Re: Question about RDF Spaces

On Sun, 2012-05-27 at 23:42 +0100, Nathan wrote:
> Hi Sandro / All,
> Regarding
> It appears to me (still) that every use case could be handled with more 
> specificity and in a more extensible way, by allowing RDF Graphs to be 
> in the subject or object position of an RDF Triple.
> Thus I have to ask, what advantage does the approach of using RDF Spaces 
> / Quads / Datasets have?

It's deployed in SPARQL.   From where I'm sitting, that's at least 90%
of the reason the WG has gone in that direction.

It's taken me a long time to get comfortable with that, after many years
of thinking about about handling graphs as one would in n3 or might in
Prolog, but I'm pretty sure this works fine, too.
> As a secondary question, what happens when I want to apply any of the 
> usecases to a quadset / dataset? do I then need a 5-tuple?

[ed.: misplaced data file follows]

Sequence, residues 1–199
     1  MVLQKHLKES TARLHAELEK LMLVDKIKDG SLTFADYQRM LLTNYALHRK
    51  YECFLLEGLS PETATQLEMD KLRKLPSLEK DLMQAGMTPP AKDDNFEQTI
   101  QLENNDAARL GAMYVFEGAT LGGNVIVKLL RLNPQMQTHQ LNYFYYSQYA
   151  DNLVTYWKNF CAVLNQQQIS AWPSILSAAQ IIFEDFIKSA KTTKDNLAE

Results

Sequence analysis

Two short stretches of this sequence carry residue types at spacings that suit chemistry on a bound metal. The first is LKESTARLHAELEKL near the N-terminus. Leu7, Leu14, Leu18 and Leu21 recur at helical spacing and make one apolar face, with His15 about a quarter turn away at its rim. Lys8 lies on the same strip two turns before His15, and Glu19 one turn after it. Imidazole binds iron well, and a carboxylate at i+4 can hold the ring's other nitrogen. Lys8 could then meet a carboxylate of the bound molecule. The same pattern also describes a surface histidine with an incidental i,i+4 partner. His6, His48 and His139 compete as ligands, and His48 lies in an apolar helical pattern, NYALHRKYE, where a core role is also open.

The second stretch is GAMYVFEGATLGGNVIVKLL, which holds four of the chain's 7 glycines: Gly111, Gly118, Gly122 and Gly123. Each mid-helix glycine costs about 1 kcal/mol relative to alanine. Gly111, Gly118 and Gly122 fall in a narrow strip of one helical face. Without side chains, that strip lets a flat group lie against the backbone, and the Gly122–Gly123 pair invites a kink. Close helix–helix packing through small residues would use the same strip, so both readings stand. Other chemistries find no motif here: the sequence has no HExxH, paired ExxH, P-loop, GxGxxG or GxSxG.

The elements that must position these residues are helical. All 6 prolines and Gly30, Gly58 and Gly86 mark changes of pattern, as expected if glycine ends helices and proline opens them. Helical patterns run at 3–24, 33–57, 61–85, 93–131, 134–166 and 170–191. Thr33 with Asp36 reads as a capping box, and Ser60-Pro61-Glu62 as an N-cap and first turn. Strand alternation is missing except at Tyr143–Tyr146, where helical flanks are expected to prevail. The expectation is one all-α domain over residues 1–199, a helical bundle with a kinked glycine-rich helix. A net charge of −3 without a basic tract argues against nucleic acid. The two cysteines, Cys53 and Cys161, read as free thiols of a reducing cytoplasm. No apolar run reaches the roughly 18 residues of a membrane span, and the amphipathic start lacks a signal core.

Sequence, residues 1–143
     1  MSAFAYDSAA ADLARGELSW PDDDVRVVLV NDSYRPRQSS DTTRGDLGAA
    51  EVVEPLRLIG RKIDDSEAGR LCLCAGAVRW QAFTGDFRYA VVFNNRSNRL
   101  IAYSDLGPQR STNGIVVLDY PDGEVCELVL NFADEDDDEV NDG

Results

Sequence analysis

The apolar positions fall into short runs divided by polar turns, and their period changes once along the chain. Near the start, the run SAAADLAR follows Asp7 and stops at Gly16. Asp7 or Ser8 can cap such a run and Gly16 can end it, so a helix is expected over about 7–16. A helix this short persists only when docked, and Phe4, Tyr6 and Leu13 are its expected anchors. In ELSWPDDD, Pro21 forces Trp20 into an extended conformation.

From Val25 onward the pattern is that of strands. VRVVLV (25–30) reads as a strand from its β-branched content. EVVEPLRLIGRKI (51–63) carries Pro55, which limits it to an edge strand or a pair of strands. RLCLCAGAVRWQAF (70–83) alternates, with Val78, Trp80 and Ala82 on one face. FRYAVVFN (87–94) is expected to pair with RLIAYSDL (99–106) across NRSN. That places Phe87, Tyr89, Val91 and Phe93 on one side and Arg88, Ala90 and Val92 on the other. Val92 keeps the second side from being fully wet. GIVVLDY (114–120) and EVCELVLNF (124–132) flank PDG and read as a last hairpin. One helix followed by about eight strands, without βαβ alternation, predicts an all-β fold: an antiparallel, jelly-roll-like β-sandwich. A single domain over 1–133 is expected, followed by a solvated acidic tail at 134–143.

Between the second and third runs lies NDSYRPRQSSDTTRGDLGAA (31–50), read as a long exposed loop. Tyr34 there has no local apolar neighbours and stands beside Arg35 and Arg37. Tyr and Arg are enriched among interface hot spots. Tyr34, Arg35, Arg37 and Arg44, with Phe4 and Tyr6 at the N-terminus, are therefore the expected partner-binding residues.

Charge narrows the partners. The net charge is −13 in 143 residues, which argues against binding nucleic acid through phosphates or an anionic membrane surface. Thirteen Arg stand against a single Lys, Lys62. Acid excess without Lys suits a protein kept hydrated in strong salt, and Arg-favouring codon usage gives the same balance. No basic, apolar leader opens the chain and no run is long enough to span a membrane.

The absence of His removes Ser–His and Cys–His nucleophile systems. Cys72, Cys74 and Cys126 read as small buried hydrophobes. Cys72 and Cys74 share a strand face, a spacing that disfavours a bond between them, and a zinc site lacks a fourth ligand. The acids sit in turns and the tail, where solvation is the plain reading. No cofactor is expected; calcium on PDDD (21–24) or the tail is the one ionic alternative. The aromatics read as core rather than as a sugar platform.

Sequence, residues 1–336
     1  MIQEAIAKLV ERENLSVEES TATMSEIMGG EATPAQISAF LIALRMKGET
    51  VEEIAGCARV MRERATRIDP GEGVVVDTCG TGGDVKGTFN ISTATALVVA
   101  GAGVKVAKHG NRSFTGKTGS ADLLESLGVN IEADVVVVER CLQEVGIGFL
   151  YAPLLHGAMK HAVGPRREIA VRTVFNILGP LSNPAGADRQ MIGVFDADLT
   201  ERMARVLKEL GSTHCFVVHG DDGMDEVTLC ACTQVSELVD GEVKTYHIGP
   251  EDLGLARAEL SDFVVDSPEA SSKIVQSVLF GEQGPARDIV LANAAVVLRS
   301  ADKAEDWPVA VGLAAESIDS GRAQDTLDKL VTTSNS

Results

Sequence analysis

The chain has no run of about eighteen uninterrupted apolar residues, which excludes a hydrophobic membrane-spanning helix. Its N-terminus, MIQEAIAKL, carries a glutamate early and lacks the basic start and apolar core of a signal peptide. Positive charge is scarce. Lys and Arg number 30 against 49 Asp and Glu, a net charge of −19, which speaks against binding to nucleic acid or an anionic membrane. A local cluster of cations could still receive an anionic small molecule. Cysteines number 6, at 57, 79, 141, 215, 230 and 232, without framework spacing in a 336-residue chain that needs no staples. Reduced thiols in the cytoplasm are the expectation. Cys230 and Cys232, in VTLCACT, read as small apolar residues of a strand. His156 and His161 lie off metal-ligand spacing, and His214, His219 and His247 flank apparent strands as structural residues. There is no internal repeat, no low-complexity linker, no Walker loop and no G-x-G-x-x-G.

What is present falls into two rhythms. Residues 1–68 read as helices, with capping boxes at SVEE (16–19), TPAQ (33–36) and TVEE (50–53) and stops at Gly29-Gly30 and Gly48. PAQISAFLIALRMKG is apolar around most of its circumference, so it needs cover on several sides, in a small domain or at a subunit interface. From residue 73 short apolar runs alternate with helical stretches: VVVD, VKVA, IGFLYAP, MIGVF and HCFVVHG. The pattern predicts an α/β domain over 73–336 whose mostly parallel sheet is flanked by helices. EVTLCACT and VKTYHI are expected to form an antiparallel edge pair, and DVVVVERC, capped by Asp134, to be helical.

No, that's what the somewhat confusing 'Untrusting Merge" section is
trying to explain, although I understand it does it poorly.

If you want to load a graph into a dataset while keeping it distinct (so
you can delete it later, keep track of where it came from, whatever,
without it touching anything in there now), you put it into a fresh
named graph.   If you want to load a dataset into a dataset while while
keeping it distinct in the same way, you load each of its graphs into
fresh named graphs, and do a little renaming and recordkeeping.   It's
not quite as elegant as arbitrary nesting, but it's not bad, and might
be easier to code efficiently.

> Finally, what is the relation between a space and the triples in that 
> space? I read it's formalised as CT(S, T) - but to me that just looks 
> like a triple { S CT T. }, with the constraint imposed that you can't 
> specify what the CT relation is.

Right -- because SPARQL doesn't let you specify what that relation is,
we have to pick one.   In the rdf-spaces proposal, I'm saying that
relation is either what you'd know from n3 as log:semantics or perhaps
log:semantics!log:include.  (It's an open issue which of the two the
relation is, or if we'll settle on it at all or leave it somehow open.)

  -- Sandro

> Best,
> Nathan

Received on Monday, 28 May 2012 00:59:34 UTC